6. Francisco Mejia, C/OF, Cleveland Indians

2018 stats: 20 G, .191/.246/.309, 3 HR, 0 SB, 6 BB, 25 SO at Triple-A Columbus.


If we had to name a 'most disappointing' prospect for the 2018 season, it would have to be Mejia. The long-term future is very bright for the backstop, but he's struggling to make contract -- he's already nearly halfway to his strikeout total of 54 last year -- and his low slugging percentage shows you that he's not exactly making hard contact when he does put the ball in play. He still has a great chance of contributing this year, but it's understandably frustrating to see him be this bad for close to a quarter of the year. We're not giving up on you, Francisco, but we want to see improvement soon. We're not mad, we're just disappointed.


7. Luiz Gohara, LHP, Atlanta Braves

2018 stats: 4 G, 15.2 IP, 6.89 ERA, 5 HR, 10 BB, 15 SO at Double-A Mississippi and Triple-A Gwinnett.


It's pretty clear that Gohara has a lot of rust to shake off, as he's struggling to throw strikes since returning from his ankle injury. He's walked three or more hitters in every start but one, and while that's not a huge number per se, it's a lot larger when you consider he's yet to go above 4 1/3 innings in a start. Gohara is still missing bats at least, but he's going to have to show better command before he joins the Atlanta rotation.


8. Austin Hays, OF, Baltimore Orioles

2018 stats: 27 G, .243/.292/.441, 5 HR, 1 SB, 8 BB, 28 SO at Double-A Bowie.


There we go. Hays' overall numbers are still not where they should be for a player of his talent, but he had an excellent week with a 1.040 OPS and four extra-base hits for the Baysox. The Orioles are atrocious, and it's in large part due to their lineup outside of Manny Machado. Long story short, Hays has an excellent chance to spend the majority of his year in Baltimore, even if he's still hitting at the Double-A level right now.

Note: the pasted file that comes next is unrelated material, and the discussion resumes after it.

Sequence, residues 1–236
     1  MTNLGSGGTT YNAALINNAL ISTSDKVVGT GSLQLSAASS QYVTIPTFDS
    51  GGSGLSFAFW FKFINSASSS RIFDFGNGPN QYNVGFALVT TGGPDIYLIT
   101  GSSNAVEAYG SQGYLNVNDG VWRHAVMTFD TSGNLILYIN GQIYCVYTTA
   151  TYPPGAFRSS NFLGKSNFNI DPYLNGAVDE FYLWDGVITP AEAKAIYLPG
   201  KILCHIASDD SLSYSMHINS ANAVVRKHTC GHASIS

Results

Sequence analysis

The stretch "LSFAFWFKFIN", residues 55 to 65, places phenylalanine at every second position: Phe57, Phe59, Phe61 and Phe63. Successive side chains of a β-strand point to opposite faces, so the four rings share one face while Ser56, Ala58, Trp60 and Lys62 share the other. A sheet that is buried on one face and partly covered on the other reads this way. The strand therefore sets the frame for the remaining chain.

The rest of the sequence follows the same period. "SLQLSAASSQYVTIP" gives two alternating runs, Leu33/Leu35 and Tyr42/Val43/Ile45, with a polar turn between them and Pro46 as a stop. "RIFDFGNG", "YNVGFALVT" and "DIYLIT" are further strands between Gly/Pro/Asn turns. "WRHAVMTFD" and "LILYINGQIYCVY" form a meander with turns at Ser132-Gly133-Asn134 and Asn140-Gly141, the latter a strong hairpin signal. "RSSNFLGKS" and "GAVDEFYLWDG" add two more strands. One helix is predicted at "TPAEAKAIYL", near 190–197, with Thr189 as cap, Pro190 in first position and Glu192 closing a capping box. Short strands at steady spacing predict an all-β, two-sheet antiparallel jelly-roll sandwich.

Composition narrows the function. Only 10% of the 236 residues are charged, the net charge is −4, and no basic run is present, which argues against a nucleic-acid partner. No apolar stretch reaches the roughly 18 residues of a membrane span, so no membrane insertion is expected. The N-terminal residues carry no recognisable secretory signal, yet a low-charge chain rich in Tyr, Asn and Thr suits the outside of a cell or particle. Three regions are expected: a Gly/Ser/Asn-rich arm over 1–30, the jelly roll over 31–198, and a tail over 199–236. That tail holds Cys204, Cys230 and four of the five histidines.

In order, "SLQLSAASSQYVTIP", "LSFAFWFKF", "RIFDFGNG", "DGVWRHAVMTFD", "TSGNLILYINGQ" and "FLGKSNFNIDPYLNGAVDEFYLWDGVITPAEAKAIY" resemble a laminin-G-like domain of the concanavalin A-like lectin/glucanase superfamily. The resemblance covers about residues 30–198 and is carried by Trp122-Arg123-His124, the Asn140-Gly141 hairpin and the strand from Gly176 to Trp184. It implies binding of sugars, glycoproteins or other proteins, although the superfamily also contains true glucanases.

9. Willy Adames, SS, Tampa Bay Rays

2018 stats: 27 G, .302/.397/.479, 3 HR, 2 SB, 16 BB, 25 SO at Triple-A Durham.


Adames is a very patient hitter, which helps him get on with more than his fair share of walks. There's a trade-off to those walks, however, as taking a bunch of pitches also leads to two-strike counts, which leads to strikeouts. That works great for the on-base percentage, but it's tough to hit for average when you strike out as often as Adames does. He could be an exception because he makes so much hard contact when he does put the ball in play, but it's something you have to keep in mind. 


10. Vladimir Guerrero Jr., 3B, Toronto Blue Jays

2018 stats: 19 G, .398/.455/.624, 3 HR, 0 SB, 12 BB, 12 SO at Double-A New Hampshire.

No, really, I don't know what to say. Guerrero just keeps on hitting, and he now has a 14-to-12 lead in extra-base hits over strikeouts. You're not supposed to be able to do this when you're a teenager. You're not supposed to be this good, period. This is the best prospect in baseball, and at some point, I'm going to have to move him up this list. The only reason he ranks this low is because it's still unlikely he makes his debut in 2018. But goodness gracious, this is just awesome.


Just missedVictor Robles, OF, Washington Nationals;  Mitch Keller, RHP, Pittsburgh Pirates; Eloy Jimenez, OF, Chicago White Sox; Kyle Tucker, OF, Houston Astros; Franklin Barreto, SS, Oakland Athletics

Christopher Crawford

Christopher Crawford is a baseball and college football writer for NBC Sports Edge. Follow him on Twitter @Crawford_MILB.